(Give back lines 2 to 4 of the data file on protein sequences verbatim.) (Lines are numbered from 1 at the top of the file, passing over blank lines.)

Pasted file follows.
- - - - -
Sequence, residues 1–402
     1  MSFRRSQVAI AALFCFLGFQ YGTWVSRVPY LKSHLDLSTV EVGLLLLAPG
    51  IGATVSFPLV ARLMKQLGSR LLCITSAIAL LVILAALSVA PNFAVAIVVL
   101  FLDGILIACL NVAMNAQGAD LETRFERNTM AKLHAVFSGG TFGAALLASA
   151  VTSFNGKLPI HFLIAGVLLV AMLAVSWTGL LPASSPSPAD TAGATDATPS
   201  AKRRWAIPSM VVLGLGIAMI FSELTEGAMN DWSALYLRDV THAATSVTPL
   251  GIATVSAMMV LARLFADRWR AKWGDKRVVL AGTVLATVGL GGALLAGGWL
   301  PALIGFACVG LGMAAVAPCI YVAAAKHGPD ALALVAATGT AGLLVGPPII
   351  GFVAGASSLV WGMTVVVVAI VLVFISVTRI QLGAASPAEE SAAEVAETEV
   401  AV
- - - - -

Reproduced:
     1  MSFRRSQVAI AALFCFLGFQ YGTWVSRVPY LKSHLDLSTV EVGLLLLAPG
    51  IGATVSFPLV ARLMKQLGSR LLCITSAIAL LVILAALSVA PNFAVAIVVL
   101  FLDGILIACL NVAMNAQGAD LETRFERNTM AKLHAVFSGG TFGAALLASA